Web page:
The Grandeur of Autumn

Autumn
by: © Julie L. O’Connor
There’s a crispness in the air that greets the morning sun, a feeling of anticipation, a new day has begun.
Harvest days are ending, winter is drawing near, yet in between is surely the most special time of year.
They call it Indian Summer, and it seems to fit the bill, for it’s as if the Lord took a feathered brush and painted all the hills.
For the whole poem click here:
 The first hard frost of the season hit most of central Connecticut on Saturday morning as a maple leaf is outlined with the icy remnants as the sun turns it to dew.

The first hard frost of the season hit most of central Connecticut on Saturday morning as a maple leaf is outlined with the icy remnants as the sun turns it to dew.

I’m often asked this time of year what can I do to improve my foliage photos. I’m not really sure how to answer that since i do not take many “foliage” photos per se but what I try to do is incorporate them into my everyday photojournalism.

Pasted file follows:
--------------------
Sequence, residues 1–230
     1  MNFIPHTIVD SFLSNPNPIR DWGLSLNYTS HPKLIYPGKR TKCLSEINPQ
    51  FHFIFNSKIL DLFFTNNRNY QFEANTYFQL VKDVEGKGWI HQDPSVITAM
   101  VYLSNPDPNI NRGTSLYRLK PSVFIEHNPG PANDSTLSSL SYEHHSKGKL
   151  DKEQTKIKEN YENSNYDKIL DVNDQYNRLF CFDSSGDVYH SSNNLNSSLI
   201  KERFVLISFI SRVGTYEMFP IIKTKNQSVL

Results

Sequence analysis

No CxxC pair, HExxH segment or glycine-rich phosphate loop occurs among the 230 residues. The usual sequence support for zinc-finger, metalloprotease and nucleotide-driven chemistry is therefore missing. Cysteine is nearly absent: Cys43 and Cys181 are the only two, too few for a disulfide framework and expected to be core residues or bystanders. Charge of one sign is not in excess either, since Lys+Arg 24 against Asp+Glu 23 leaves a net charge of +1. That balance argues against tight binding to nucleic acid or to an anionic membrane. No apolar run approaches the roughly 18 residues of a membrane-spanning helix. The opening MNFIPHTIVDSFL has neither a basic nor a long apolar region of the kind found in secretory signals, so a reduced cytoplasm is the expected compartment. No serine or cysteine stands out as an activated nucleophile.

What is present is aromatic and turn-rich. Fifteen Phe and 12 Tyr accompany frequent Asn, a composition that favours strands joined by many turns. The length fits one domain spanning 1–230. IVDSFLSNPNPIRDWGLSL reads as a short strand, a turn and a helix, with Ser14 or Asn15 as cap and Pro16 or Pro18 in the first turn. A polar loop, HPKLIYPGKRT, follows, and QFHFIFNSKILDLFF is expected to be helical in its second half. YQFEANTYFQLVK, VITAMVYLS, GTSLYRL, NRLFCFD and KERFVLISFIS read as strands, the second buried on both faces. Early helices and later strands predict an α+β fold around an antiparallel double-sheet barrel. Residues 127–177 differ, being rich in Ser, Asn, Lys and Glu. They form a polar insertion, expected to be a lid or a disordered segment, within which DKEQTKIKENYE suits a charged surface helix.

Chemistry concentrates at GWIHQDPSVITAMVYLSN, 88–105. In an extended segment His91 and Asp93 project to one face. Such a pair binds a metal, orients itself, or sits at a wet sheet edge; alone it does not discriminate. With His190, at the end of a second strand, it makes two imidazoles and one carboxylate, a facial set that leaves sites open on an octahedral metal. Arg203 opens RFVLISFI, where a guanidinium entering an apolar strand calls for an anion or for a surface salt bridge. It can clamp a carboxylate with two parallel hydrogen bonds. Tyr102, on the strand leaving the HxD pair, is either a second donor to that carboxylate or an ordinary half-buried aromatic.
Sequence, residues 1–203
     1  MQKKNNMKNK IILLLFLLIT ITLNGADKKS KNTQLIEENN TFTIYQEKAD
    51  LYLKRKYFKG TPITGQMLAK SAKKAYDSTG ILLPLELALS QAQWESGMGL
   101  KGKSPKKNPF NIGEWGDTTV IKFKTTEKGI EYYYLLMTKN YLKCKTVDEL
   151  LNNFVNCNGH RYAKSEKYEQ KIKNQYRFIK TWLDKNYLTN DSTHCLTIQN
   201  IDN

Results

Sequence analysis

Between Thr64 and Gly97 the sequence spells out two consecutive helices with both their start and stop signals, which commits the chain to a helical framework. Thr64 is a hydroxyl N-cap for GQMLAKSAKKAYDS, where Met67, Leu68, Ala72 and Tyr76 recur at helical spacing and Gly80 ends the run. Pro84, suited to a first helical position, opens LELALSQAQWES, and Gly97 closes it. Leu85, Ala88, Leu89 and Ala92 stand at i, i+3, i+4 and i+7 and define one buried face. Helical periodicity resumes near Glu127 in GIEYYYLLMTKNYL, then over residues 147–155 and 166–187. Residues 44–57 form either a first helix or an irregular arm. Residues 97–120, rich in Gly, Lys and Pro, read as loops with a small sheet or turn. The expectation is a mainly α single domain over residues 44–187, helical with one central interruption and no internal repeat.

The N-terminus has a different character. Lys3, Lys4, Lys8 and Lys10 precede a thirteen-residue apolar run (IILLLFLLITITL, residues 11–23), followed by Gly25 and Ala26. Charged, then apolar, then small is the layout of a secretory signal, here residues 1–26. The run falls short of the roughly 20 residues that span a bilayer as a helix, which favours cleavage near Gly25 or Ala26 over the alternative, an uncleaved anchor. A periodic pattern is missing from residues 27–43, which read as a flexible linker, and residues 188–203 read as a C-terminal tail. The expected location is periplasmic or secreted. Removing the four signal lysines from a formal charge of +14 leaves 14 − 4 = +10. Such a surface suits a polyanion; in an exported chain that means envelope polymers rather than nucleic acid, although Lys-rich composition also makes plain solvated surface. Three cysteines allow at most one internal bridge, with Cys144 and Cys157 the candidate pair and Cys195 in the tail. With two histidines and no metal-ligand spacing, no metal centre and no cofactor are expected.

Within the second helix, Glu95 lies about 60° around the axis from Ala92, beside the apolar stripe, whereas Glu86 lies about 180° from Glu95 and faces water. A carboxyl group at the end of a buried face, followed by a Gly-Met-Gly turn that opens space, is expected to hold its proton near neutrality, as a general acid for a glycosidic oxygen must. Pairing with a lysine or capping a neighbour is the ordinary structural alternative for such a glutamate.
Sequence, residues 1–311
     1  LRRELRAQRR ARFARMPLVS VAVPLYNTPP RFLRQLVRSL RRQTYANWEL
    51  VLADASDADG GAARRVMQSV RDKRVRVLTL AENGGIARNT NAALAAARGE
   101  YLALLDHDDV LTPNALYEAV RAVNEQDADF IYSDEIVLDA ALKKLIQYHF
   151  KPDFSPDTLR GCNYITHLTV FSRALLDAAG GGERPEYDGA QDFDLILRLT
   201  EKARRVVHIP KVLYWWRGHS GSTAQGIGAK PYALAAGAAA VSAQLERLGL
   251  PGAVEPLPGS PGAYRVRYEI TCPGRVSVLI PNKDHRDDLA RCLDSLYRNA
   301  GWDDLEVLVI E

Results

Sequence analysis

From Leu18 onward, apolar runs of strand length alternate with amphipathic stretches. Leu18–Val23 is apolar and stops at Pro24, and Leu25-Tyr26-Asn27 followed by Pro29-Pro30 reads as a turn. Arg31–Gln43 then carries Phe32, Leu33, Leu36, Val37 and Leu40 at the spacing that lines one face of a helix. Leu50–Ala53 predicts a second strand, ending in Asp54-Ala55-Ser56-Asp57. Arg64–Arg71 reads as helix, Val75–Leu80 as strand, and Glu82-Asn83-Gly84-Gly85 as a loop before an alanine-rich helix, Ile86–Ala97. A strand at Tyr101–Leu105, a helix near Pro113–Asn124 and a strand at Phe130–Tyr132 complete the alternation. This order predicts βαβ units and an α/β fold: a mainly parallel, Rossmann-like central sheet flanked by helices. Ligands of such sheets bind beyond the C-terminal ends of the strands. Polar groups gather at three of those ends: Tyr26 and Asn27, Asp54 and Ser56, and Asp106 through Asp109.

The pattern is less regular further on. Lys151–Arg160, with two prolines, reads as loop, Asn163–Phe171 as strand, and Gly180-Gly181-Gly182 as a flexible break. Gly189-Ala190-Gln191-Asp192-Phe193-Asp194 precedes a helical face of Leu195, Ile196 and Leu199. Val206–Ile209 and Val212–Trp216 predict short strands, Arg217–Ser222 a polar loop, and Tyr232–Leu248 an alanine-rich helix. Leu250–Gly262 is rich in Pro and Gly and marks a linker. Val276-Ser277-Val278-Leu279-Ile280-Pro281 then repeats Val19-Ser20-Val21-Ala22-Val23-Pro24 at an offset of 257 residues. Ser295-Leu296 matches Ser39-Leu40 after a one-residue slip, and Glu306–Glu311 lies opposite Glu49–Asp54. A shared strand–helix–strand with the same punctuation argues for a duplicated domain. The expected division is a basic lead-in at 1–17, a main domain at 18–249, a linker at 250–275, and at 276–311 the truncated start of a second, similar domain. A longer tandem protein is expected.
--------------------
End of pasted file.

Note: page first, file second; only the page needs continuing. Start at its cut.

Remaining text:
I also try to use the sun to my advantage and keep it at 90 degrees or more to my subject so that the color look more vibrant. Fortunately this time of year the sun never really gets high in the sky so almost anytime of day is good for photos. One of my favorite times to shoot foliage is after a light rain which seems to saturate the colors of the leaves and causes the shadow areas of the forest to go darker adding more contrast.

Two other useful tools that I would recommend are a polarizing filter and a graduated neutral density filter. I do not own or use either one but if you want better landscape photos I would highly recommend looking into them. The polarizer will cut down on the glare that can be caused by the sun reflecting off the leaves and will also add a richness to your sky. The neutral density will allow you to balance the overexposure of the sky similar to what a polarizing filter would accomplish.

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Posted in Features, John Woike, Lighting, Nature, News & Events, Photojournalism, Weather. RSS 2.0 feed.
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